CLACS is proud to present a conversation with Miyela Riascos moderated by Roosbelinda Cardenas, CLACS Visiting Scholar 2018-19. This event is hosted in collaboration with Witness for Peace.
Nidiria Ruiz Medina belongs to the Naya River Basin community council, an Afro-descendent population in the southern area of Colombia’s Pacific region. She is part of an organizational process that contributes to the defense of territory and human rights. Her organizing work is articulated through the national CONPAZ (Communities Building Peace in the Territories) network, which provides tools and fundamental elements for building community.
Nidiria is an example of how rural women play an essential role in peace-building efforts. Through the AINI “Spring Fountain of Flowers” Women’s Association, women work to rediscover the importance of fighting for participation spaces that allow them to make decisions and advocate for a vision of peace. Nidiria is a woman who defends collective territorial rights and identity through a gender approach. Despite the risks that this victimized population confronts—resisting a complex reality of conflict, exclusion, marginalization and historical state abandonment—Nidiria believes the Colombian Peace Agreement has helped reaffirm the rootedness of the land and spurred dreams of hope.
Together with the AINI Association and the CONPAZ network, Nidiria and her community have decided to exchange tears for smiles, promoting leadership based on a model of justice, truth, reparations and non-repetition, as ratified by the Victim’s Chapter in the Colombian Peace Agreement. That is why her community continues to struggle for ancestral autonomy and independent education. This includes a Peace University, which emphasizes inclusion and participation, commemorates struggle and conflict resolution, and generates leadership rooted in social and community work, training, and peace-building strategies.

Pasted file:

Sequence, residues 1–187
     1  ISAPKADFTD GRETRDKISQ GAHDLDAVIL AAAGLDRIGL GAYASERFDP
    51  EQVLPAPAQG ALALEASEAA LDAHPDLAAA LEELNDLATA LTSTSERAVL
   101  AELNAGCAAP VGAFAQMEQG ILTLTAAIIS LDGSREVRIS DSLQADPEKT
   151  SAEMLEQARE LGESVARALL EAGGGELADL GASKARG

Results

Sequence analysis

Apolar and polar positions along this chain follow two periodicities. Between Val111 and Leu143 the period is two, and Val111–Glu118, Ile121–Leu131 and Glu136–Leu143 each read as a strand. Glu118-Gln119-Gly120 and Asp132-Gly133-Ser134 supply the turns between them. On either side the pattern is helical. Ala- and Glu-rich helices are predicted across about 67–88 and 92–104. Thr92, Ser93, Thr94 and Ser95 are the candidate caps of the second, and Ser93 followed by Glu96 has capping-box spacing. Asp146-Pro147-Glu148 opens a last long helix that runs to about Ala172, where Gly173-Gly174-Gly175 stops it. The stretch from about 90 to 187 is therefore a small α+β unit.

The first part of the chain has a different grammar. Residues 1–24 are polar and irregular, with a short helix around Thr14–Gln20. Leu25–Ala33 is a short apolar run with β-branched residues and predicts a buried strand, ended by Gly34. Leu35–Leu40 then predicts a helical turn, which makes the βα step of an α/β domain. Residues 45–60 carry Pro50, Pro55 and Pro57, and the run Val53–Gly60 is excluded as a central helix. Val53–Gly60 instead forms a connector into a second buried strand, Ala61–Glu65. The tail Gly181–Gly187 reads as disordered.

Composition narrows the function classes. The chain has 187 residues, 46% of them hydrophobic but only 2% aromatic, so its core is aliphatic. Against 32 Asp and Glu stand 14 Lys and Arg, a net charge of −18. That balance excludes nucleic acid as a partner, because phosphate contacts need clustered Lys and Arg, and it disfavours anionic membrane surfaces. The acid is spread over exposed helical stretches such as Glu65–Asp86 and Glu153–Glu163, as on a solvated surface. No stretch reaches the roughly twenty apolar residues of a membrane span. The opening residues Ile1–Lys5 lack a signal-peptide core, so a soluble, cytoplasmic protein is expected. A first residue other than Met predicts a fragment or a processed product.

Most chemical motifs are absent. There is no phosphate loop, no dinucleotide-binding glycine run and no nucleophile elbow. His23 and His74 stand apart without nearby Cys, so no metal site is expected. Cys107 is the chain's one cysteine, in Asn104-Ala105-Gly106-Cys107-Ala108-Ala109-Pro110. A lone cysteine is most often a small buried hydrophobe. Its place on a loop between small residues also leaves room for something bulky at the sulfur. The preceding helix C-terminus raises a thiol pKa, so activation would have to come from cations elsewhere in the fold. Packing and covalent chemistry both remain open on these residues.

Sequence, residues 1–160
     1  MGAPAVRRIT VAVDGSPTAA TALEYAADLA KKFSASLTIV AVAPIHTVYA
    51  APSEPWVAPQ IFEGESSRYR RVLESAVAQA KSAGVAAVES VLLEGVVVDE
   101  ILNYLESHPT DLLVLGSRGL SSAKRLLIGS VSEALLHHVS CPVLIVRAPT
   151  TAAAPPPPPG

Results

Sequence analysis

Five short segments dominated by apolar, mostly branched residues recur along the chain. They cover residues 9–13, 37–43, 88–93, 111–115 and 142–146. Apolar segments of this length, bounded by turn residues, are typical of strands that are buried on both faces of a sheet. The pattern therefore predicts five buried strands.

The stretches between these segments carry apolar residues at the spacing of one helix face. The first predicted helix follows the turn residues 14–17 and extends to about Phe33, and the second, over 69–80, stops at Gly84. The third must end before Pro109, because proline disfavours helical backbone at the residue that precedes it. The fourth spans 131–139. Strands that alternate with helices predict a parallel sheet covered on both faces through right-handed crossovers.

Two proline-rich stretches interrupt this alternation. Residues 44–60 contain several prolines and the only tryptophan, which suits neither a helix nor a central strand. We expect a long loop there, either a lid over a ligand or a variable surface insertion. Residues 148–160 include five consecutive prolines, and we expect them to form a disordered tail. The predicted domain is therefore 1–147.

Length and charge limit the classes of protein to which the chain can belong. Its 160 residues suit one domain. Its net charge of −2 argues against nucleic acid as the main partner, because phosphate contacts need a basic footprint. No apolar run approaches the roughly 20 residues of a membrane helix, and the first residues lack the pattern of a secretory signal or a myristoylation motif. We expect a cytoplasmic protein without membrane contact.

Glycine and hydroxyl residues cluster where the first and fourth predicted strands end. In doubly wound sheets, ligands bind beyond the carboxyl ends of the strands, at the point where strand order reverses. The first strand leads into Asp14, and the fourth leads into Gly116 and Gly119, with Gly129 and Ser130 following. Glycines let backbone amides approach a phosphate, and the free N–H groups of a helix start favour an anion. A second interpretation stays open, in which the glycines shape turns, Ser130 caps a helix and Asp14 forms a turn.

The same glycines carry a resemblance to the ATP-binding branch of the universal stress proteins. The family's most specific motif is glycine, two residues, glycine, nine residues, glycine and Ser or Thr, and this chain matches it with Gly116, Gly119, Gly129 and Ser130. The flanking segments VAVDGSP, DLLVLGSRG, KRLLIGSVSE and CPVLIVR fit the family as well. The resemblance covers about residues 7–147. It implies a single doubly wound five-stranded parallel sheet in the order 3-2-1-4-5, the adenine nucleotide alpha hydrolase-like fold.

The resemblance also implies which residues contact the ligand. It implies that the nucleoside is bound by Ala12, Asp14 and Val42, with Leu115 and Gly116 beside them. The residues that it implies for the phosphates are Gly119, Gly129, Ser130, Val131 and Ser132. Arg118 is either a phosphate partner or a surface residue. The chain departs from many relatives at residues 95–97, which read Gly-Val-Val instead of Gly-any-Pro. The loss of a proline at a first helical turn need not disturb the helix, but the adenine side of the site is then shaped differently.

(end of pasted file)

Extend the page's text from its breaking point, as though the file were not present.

Nidiria motivates rural women to become visible in the reconstruction and reconciliation of values, and by weaving a social fabric that leads to inclusive social justice, she advocates for rural women to be in positions of transformative power.
About Roosbelinda Cardenas:
Roosbelinda Cárdenas is a cultural anthropologist and Assistant Professor of Latin American Studies at Hampshire College in Massachusetts. Her current book project looks at Black political mobilization following the institutionalization of multicultural reforms in Colombia and the onset of armed violence on the Pacific region. More broadly, she interested in identity and rights for Afro-descendants in Latin America and social theories of race and racism, social movements, place and displacement, and human rights.
This event is free and open to the public, seating is limited. ID is required to access the building.